because the number was relegated by Staton for use as a secondary 
facsimile line, and as such would not have received much traffic.  
Staton contends that it contacted MCI and Sprint in June to  have 
the number restored to Staton.32  At that time, Call  Interactive 
was already using the All Eights Number.

III.   DISCUSSION

       9. Staton  alleges  that   ``Defendants  MCI  and   Sprint 
knowingly and  intentionally  took  the All  Eights  Number  from 
Staton  without   its   consent,''  and   that   such   ``willful 
misconduct'' violated sections  1, 201(b), and  251(e)(1) of  the 
Act, as well  as several Commission  orders concerning toll  free 
number assignments.  Staton asks for the immediate return of  the 
All Eights  Number,  and  states that  upon  a  determination  of 
liability, it  will  seek damages  from  MCI and  Sprint  ``in  a 
separate proceeding under Section 1.722 of the FCC's rules.''33

       A. Procedural Issues

       10.     We begin  by  addressing  two  procedural  issues.  
First, MCI raises as an affirmative defense the requirement under 
Section 415(b) of  the Act that  all complaints against  carriers 
for the recovery of damages  be filed with the Commission  within 
two years from the time  the cause of action accrues.   According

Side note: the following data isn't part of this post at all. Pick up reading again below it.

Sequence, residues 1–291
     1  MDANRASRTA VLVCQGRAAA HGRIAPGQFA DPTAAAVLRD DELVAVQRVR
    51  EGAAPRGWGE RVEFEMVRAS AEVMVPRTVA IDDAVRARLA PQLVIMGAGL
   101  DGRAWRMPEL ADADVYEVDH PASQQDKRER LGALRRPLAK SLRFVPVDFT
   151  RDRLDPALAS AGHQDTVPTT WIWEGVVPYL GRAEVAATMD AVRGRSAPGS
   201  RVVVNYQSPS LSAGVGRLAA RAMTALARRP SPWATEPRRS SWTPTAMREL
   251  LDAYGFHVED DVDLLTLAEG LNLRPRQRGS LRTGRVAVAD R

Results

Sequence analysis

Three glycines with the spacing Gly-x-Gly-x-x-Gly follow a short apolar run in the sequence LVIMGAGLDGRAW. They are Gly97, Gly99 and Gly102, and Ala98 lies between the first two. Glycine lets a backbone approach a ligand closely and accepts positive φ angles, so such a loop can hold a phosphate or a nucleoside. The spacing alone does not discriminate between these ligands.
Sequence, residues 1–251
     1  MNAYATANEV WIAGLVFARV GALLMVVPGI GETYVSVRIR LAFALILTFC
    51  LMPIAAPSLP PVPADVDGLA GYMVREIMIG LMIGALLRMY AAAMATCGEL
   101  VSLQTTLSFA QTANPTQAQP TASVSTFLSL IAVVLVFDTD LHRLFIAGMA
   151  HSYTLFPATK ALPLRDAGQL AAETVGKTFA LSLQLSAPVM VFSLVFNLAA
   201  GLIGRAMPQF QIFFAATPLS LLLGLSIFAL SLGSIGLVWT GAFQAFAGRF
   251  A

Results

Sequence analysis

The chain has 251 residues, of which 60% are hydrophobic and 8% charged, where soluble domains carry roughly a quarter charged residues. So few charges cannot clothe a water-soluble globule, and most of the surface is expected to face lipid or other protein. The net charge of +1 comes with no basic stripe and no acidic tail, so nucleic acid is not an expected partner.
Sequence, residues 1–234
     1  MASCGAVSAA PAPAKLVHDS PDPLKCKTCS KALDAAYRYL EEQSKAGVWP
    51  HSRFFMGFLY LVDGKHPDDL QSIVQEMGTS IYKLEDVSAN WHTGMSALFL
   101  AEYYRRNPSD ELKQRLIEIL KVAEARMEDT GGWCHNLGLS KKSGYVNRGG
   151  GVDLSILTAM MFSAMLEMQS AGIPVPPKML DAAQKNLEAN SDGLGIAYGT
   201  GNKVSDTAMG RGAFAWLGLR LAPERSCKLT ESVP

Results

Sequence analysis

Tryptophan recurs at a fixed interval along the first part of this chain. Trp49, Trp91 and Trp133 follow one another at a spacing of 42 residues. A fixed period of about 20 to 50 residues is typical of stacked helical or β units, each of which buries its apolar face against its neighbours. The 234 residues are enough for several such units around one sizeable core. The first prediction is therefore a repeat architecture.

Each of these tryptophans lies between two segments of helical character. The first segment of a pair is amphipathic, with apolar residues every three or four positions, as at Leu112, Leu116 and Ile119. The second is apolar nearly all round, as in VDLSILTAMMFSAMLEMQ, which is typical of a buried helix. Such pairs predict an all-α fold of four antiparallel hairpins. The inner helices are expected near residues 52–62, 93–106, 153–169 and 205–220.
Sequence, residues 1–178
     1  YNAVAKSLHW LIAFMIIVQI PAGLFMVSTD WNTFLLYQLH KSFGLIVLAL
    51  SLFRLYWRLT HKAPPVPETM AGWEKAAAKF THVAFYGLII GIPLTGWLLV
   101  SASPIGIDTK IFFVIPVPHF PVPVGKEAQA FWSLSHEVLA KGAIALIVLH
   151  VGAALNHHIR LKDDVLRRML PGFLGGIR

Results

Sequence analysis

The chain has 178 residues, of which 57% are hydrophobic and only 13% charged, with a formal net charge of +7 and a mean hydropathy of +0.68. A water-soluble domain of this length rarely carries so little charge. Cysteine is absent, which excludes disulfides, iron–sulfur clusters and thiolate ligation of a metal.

to MCI,  Staton's complaint  was filed  outside this  statute  of 
limitations.34  We conclude that  Staton's complaint against  MCI 
was filed within two  years of the accrual  of Staton's cause  of 
action.  

     11.  The relevant  dates are  as  follows.  On  October  27, 
2000, MCI  disconnected  the  All Eights  Number  from  Staton.35  
According to Staton, MCI sent invoices for the All Eights  Number 
covering service through  January 14, 2001.36   MCI asserts  that 
the last ``substantial'' invoice for  the All Eights Number  sent 
to Staton was dated November 25, 2000, but does not  specifically 
deny that  it  sent later  invoices.37   The parties  agree  that 
Staton did  not  realize that  the  All Eights  Number  had  been 
disconnected until June 2001.38   Staton's complaint against  MCI 
was filed on December 20, 2002.  

       12.     In  determining  when  Staton's  cause  of  action 
accrued, we apply the  ``discovery-of-injury'' rule.39  That  is, 
Staton's cause of action accrued when it discovered, or with  due 
diligence should have discovered, that  it had been injured.   In 
this case,  the  parties  agree  that  Staton  did  not  actually 
discover the disconnection  of the All  Eights Number until  June 
2001, which would bring the  filing of the Complaint well  within 
the two year statute of  limitations.  MCI, who bears the  burden 
of proof on this  affirmative defense, argues  that there was  no 
legitimate  reason   for  Staton's   failure  to   discover   the 
disconnection earlier.40

     13.  At least as long as  MCI was continuing to bill  Staton 
for service to the All  Eights Number, however, Staton's  failure 
to realize that the All Eights Number was out of service was  not 
unreasonable.  There is no indication in the record that MCI ever